Moreover, I’ve assumed there that JG itself does not raise demand. That of course is wholly unrealistic: unless a JG scheme is going to be disastrously unproductive, it has to employ materials, capital equipment and permanent skilled labor. That all has to be ordered up or “demanded” from the existing economy.

  9. Thanks Bill for mentioning the Trains!
    The train made going to uni very easy when i was living in the center of the city. The family will be out protesting this for sure!

    @Ralph Musgrave
    “””That of course is wholly unrealistic: unless a JG scheme is going to be disastrously unproductive, it has to employ materials, capital equipment and permanent skilled labor. That all has to be ordered up or “demanded” from the existing economy.”””

    Thank goodness there are so many underutilised skilled people out there then. Less armchair philosophising, talk to people whom work in employment agencies they are shuffling degree/trade+industry experience people every day in Australia.

    JG will not bring excess inflation because people who earn a living wage will spend it on manufactured commodoties.
    Law of supply and supply cure was refuted AS it was hypothesised at the time BY factory operators as they NEVER saw the behaviour that was described in the model. No upward sloping marginal costs curve it was constant/downard sloping. (so its not true even within the neoclassicals own mechanics).
    The factory owners explain that factories are built with significant excess capacity, and are also designed to work at high efficiency right from low to full capacity. (this holds even for small business with few machines)
    eg: Food manufacuring in Australia sees 30% of the food wasted because it remains unsold.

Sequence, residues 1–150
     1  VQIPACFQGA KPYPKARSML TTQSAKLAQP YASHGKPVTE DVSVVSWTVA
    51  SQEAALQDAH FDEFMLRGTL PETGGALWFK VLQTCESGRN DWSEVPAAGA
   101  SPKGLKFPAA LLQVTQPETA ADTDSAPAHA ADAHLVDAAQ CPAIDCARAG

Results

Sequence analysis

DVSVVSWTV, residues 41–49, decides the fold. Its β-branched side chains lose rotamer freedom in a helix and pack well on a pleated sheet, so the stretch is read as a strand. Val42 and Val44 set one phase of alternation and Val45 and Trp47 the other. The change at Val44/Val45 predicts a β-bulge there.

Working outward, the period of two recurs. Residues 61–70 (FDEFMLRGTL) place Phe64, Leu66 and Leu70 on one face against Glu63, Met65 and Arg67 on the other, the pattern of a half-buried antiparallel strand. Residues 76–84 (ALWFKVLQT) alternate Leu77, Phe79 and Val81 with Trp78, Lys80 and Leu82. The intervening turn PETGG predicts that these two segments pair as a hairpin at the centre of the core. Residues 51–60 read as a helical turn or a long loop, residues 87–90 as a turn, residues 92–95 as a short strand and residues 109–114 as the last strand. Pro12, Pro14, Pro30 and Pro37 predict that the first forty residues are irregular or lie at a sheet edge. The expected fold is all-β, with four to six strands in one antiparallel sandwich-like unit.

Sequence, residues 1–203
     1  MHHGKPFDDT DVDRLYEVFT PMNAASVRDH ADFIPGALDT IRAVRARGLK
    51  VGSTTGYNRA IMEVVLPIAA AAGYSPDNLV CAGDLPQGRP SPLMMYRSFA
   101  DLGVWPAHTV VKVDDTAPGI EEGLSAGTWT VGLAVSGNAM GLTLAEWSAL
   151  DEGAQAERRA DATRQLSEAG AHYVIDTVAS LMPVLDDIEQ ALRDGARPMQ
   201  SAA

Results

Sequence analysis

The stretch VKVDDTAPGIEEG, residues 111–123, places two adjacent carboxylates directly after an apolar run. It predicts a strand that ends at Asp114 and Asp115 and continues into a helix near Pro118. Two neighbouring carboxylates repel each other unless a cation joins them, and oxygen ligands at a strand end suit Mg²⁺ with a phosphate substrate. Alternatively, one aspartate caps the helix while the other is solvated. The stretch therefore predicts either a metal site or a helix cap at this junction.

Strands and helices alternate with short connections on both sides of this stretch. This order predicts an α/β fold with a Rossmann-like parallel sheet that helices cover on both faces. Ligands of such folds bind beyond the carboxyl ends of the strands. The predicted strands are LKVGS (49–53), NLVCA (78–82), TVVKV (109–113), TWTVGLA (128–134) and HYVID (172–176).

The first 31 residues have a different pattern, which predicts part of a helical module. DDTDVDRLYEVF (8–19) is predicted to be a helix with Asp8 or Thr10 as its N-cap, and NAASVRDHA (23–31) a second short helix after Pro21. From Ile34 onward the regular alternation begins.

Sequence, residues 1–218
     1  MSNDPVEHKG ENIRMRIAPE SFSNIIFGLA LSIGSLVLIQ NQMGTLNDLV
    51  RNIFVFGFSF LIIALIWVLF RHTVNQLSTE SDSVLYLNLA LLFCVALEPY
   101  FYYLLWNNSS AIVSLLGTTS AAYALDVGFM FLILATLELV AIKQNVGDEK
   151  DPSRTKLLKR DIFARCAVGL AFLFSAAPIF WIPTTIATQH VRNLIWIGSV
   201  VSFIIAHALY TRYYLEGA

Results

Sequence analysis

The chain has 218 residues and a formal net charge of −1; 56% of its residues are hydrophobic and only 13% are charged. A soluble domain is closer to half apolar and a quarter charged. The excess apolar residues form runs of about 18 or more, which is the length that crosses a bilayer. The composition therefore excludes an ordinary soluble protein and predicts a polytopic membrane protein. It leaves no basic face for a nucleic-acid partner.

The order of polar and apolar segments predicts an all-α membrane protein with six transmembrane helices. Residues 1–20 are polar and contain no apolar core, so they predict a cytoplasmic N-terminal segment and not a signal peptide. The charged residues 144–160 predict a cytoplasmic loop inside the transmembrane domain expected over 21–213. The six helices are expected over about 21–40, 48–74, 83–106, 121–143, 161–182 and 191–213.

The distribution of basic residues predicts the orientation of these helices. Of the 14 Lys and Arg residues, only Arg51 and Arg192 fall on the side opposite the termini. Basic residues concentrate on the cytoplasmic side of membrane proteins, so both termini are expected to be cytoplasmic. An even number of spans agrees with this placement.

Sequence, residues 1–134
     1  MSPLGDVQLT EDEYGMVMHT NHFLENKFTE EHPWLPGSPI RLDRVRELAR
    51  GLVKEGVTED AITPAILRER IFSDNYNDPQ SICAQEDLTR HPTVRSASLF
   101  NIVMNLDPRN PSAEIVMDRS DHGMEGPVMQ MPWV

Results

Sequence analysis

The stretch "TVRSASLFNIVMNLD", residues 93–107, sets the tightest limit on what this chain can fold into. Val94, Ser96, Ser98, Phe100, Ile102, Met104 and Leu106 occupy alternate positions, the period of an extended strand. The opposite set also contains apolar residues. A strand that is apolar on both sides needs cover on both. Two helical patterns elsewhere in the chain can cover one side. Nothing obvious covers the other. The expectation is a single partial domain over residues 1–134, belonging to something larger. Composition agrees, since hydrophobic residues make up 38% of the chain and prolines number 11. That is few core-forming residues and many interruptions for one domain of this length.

Rather than chasing a mytical phillips–>NAIRU curve instead follow the evidence inflation episodes coincide with supply shock. In the near future global warming will cause supply shocks hence employment/inflation argument is going to become more untennable.

  10. Sam,

    If there really are so many “underutilised skilled people out there” that demand can be raised without exacerbating inflation, then demand is not at what Bill calls the “inflation barrier”. I.e. AD should be raised so that it is at the maximum feasible level and as far as possible should be kept there, shouldn’t it?

    And assuming it IS AT that level, then the demand resulting from orders for the materials, capital equipment etc needed for JG schemes will be inflationary. However, that problem can be solved by allocating JG people to EXISTING employers. That way, capital equipment and materials used stays more or less constant while numbers employed rises.

    But that raises another problem: public sector employers aren’t brilliant at employing the less skilled (think hospitals, schools, tax offices, local government offices).

    Re supply shocks, I fully accept that they can spark inflation: maybe even the majority of inflationary episodes – I’m not expert on that. But that doesn’t alter the fact that if AD rises far enough and fast enough, an economy sooner or later hits the inflation barrier.

  11. “Public sector employers aren’t brilliant at employing the less skilled”

    Actually they can be quit good at it if they put their mind to it. There are lots of non skilled work needed to be done within the public sector. Sweden used to have all sorts of unskilled people doing important things side by side with skilled people in hospitals, schools, tax offices, local government offices. That changed when new public management became the way to run things, together with the neoliberal massive austerity program during the 1990:s swedish banking crisis, where the government thought it could save money by sacking people.

    Cleaners, janitors, taking care of children and elderly etc. many of those chores either disappeared, or was supposed to be purchased from firms, with the result that it isn’t done at all, or not as good, or far too seldom done due to the restriction new public management imposed on local budgets.